Digital comics | IDW Publishing released its first batch of digital comics on the motion-comics platform Madefire this week. The selection includes partially animated My Little Pony, Star Trek and Transformers comics, which sell for $1.99 each. Jeff Webber, IDW’s vice president of digital publishing, noted that because Madefire has a partnership with DeviantArt, the books are being exposed to “an incredibly broad network of illustration fans.” To commemorate My Little Pony’s Madefire debut, Dave Gibbons drew the image at right “to show that Friendship IS Magic!” `[Publishers Weekly]
Passings | Cartoonist Jack Matsuoka, who chronicled life in the Poston, Arizona, internment camp in his book Camp II, Block 211, has died at the age of 87. , Born in the United States to Japanese parents, Matsuoka was a teenager when his family was sent to internment camps in Salinas, California, and then Poston. After leaving the camp he was drafted and served as an interpreter for the U.S. Army in occupied Japan. He went to college on the G.I. Bill and worked as an illustrator and cartoonist for many years. Camp II, Block 211 was based on sketches he did while living in the camps and set aside for many years; his mother found them and encouraged him to share them with the public. They were put on exhibit in San Francisco and then collected into the book, which was first published in 1974. A revised edition was released in 2003. [The Rafu Shimpo]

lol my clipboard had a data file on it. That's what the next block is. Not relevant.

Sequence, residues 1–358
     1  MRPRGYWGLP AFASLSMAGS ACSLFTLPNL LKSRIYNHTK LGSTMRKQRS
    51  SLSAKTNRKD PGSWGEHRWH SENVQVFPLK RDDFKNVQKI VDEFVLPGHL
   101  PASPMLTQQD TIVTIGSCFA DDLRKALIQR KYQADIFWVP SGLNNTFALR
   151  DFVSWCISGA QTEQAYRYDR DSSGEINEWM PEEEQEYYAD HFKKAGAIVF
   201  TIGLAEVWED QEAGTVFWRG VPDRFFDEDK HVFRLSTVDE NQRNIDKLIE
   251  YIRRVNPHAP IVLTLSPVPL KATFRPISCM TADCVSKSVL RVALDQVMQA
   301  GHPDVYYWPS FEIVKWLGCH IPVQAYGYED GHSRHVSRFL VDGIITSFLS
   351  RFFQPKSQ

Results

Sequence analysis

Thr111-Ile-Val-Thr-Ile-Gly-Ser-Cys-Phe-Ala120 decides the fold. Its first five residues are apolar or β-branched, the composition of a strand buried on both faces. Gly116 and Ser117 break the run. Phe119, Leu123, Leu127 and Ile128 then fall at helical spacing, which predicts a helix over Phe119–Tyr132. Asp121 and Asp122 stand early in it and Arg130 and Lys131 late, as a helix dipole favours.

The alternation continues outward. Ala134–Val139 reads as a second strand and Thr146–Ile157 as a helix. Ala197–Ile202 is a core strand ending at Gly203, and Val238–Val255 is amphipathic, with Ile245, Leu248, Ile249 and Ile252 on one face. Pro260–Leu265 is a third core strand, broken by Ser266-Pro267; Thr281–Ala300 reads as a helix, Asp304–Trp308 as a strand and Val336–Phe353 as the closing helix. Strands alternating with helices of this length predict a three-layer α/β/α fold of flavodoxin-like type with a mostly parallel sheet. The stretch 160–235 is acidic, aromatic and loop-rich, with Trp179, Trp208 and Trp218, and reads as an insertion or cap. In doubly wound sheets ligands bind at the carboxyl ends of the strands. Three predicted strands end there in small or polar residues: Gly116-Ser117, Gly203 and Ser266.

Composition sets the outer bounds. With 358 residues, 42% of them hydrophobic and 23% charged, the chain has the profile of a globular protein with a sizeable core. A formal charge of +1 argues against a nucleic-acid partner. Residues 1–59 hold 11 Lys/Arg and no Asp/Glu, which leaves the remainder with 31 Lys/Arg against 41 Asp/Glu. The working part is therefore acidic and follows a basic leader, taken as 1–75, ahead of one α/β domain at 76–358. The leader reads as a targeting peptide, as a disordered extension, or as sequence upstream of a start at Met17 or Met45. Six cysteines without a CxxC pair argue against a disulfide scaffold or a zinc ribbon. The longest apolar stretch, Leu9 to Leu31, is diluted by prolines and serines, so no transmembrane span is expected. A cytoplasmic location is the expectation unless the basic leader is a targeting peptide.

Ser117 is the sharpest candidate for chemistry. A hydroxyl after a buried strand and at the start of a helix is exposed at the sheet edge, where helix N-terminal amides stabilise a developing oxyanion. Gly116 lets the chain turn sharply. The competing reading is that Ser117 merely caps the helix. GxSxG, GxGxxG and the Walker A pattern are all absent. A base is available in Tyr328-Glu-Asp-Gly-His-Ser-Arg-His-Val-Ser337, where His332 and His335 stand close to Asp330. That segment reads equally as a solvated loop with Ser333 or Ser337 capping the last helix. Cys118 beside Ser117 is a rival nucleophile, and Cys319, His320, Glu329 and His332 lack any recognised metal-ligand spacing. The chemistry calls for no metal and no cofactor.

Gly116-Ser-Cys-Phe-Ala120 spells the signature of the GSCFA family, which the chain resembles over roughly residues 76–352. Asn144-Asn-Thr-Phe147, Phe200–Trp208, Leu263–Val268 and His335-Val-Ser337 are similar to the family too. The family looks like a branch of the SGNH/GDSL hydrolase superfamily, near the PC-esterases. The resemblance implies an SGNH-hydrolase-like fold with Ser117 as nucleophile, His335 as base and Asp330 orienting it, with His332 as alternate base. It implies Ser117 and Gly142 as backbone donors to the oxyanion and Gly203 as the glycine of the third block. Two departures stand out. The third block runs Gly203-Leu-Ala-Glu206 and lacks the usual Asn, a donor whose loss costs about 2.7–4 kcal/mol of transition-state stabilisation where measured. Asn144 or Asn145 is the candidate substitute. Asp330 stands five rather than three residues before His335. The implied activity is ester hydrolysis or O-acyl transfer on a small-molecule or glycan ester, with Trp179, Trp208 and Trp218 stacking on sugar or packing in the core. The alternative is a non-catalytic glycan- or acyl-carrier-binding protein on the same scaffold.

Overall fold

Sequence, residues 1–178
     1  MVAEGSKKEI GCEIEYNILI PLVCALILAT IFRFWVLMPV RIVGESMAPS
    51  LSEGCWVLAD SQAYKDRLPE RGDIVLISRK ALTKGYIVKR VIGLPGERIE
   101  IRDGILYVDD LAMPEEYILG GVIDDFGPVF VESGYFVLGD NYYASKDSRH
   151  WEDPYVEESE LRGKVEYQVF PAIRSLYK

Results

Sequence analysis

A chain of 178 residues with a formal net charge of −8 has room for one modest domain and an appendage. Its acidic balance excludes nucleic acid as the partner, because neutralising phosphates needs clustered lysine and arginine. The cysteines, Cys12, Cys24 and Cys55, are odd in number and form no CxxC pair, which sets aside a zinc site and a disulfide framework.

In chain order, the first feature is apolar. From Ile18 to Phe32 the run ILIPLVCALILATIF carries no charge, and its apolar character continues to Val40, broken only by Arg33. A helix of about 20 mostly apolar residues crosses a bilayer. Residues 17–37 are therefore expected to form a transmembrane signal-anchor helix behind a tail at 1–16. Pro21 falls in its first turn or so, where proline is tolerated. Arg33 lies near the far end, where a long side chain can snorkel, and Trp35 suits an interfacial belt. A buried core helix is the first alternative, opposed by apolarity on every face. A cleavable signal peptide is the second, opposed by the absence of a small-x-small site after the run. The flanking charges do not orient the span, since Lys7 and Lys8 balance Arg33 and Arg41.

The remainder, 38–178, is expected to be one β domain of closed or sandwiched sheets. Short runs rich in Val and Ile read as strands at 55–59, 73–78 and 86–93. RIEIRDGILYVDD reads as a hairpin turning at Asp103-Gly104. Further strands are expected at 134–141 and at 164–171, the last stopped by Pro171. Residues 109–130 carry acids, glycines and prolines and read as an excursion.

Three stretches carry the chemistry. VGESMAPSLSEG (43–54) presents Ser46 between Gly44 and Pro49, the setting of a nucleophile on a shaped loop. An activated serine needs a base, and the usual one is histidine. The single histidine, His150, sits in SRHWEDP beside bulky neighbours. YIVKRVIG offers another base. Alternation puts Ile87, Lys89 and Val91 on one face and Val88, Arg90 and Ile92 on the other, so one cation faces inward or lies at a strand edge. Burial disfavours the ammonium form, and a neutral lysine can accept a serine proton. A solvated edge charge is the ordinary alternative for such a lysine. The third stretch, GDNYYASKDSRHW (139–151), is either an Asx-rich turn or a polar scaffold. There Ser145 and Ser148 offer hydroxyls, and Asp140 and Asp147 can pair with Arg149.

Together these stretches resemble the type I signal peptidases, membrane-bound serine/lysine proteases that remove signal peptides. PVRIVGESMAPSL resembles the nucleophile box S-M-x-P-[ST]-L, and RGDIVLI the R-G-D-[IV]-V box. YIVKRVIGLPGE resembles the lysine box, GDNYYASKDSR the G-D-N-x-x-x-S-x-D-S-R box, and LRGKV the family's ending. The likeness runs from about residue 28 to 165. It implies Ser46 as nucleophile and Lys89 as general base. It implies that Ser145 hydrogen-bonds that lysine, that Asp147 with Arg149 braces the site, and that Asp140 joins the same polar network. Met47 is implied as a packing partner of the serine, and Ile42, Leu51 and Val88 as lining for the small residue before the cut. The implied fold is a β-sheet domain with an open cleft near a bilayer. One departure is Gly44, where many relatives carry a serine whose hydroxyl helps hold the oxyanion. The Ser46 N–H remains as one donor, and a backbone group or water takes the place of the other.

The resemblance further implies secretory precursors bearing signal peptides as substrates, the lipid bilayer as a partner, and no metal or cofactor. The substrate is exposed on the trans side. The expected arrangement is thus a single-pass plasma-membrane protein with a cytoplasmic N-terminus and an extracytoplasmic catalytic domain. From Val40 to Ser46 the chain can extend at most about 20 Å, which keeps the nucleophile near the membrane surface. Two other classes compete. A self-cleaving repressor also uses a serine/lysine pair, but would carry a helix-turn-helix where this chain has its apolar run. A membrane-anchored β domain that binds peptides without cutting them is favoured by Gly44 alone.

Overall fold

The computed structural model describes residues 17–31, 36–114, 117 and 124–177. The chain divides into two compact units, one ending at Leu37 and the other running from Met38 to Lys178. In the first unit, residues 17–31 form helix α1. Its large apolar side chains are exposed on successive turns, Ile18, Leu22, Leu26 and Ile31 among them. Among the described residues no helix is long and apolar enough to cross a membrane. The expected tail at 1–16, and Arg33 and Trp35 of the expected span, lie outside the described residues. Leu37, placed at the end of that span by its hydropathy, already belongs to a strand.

Black Lightning co-creator Tony Isabella, whose relationship with DC Comics can be kindly described as contentious, would like you to know that, yes, he’s seen the announcement about the character’s reintroduction in DC Universe Presents — and, no, he doesn’t want to comment on it.
“You don’t have to e-mail me, private message me, phone me, or post links on my Facebook page,” he wrote on his blog. “My only public comments to date have been ‘Words fail me’ and, to my friend Dan Mishkin, ‘Forget it, Dan. It’s DC Town.’ But, really, if you’ve ever read anything I’ve written about Black Lightning and DC’s continued refusal to honor its agreements with me, and if you have half a brain, you already know how I feel about the news.”